Two thousand fifteen marks my 30th year in the advertising business. I put in more than a quarter century at ad agencies and corporations. The last few years I’ve devoted to writing, teaching and waxing philosophic about the creative brief, clear writing and critical thinking.
My job as a creative was to work from a creative brief. I’ve written more than my share of creative briefs, but only because I had to, and because I was the de facto expert. My training in writing briefs comes from the U of Getitdone. That and having read a lot of briefs, and I mean a lot. I’d estimate, conservatively, that I’ve read over 2,000 creative briefs in my career.
So I may not qualify as an “trained” account planner with the necessary background in statistics and analytics, but I think I can hold my own with the best of the best.
Which leads me to two questions: What does it take to be a writer of an inspired creative brief? Who is most likely to possess the necessary qualities?
(By the way, Jon Steel has a wonderful video on YouTube about what he values in a good account planner. I tip my hat to him for inspiring this post.)
My list is short: Courage, curiosity, optimism.
John Hegarty gets credit for this thought. He also says that the first ad doesn’t have to be a great ad, but it must be good enough to spark a conversation. So courage is a requirement because the creative brief writer must take a leap of faith. She must possess the steadfastness of her convictions. It’s an enviable quality. It’s an absolute must.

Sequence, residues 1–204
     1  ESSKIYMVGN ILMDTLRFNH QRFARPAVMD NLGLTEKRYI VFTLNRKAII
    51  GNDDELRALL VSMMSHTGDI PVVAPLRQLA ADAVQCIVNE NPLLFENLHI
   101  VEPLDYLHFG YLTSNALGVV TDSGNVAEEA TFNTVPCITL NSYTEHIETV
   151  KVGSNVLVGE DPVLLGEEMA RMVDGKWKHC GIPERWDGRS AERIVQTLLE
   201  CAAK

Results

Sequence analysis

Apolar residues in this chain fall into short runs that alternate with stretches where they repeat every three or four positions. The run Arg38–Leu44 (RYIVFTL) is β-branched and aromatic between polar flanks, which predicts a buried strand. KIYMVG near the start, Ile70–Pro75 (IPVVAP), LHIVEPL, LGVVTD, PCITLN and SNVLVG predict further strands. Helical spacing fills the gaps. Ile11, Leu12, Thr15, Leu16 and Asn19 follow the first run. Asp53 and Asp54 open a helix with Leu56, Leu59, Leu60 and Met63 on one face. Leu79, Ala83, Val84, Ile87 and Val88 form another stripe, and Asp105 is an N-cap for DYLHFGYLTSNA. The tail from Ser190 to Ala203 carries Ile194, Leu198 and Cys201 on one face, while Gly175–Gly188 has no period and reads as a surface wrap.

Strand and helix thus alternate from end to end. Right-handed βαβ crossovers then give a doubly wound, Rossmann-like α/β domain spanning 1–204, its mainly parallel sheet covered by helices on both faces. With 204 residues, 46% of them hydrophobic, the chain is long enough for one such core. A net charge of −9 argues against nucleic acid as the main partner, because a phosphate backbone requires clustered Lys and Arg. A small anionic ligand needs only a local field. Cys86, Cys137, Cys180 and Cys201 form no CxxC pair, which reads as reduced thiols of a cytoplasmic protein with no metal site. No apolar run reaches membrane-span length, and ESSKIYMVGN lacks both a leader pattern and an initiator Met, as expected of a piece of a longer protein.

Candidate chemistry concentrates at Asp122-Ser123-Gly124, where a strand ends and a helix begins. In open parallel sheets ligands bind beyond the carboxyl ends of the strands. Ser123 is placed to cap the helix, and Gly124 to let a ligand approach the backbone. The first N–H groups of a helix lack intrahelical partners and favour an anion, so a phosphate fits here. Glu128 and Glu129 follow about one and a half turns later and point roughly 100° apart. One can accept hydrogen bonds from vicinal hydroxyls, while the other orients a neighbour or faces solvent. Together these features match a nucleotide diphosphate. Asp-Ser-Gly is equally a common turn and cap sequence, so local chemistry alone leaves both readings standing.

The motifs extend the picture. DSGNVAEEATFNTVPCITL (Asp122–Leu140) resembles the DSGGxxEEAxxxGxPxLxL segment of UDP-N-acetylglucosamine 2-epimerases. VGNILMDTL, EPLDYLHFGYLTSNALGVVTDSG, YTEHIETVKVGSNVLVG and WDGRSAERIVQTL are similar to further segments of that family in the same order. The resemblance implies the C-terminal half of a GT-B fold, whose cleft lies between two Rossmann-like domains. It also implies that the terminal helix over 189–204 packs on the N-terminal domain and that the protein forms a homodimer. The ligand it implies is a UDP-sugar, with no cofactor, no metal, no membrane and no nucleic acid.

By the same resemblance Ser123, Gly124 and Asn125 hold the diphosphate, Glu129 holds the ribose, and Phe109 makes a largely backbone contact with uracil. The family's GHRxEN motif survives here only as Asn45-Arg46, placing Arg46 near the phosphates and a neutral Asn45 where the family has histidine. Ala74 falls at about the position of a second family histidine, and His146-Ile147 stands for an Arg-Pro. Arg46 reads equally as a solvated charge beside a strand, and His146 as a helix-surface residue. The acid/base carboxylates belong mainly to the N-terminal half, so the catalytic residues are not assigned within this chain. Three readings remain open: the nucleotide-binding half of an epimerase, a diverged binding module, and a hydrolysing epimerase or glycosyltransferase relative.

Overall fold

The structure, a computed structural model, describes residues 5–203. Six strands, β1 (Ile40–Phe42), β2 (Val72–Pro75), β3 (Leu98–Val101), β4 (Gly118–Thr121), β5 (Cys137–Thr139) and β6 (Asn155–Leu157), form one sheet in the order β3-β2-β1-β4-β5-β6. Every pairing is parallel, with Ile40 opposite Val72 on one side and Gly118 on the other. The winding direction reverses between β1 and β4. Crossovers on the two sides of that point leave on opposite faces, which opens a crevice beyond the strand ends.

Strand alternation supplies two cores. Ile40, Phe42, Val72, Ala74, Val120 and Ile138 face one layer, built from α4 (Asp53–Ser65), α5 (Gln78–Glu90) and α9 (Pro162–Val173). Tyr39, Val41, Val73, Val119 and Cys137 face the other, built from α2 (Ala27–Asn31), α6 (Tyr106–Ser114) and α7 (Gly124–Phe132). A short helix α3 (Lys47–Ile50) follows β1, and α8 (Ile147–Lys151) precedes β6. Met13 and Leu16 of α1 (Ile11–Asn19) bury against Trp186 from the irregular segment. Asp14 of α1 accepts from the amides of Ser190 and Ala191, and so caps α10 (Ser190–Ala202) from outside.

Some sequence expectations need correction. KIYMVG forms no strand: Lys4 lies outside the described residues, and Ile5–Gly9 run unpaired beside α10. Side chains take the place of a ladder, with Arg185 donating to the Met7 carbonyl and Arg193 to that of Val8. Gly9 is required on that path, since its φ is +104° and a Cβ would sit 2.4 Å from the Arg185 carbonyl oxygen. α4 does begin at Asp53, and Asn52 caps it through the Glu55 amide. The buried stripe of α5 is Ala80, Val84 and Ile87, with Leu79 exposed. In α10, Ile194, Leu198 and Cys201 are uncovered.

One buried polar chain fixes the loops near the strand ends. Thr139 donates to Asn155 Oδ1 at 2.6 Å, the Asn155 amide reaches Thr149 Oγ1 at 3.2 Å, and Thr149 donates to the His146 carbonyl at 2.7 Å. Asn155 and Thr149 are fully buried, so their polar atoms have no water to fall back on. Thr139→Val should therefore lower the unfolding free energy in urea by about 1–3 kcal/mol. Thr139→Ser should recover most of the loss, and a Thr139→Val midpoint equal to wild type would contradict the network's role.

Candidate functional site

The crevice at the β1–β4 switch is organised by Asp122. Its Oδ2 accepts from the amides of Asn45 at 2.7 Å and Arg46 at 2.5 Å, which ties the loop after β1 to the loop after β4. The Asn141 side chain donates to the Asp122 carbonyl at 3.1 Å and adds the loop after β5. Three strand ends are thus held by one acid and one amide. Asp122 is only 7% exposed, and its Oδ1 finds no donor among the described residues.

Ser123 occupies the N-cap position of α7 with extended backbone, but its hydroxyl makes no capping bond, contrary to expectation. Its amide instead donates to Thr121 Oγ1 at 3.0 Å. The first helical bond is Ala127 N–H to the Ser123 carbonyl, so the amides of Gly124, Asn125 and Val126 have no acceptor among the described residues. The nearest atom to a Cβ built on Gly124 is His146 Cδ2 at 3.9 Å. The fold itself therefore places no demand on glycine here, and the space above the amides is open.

Curiosity. You can be short of life experience but make up for it by owning an insatiable wonder about the world around you. As a creative for my entire career, I always thought of the ad business of one of the few careers that demands that you be a Renaissance Man/Woman. You must have broad interests and the capacity to learn about new things almost daily. Curiosity fuels this capacity. Your curiosity as a brief writer also fuels the curiosity of the creative team.
Optimism. This may seem obvious. I don’t think you can succeed in the ad business as anything but an optimist. It is especially true of the creative brief writer. You must have absolute belief in the power of words to shape an outcome. You must believe in yourself to shape those words. You must believe in the process that results in an inspired creative brief: The acquisition of insights about human nature that, when reduced to their most clarifying elements, inspire big thinking. You must believe this.
So who possess these attributes? Merlin. Gandhi. Dumbledore.
If you are a risk taker, love a challenge, do not accept anything less than excellence, I’d say you are likely to succeed.
If you view each creative brief writing assignment as an opportunity to push the creative team to break new ground, you have a skill others will covet.
Live long and inspire, with apologies to Mr. Spock.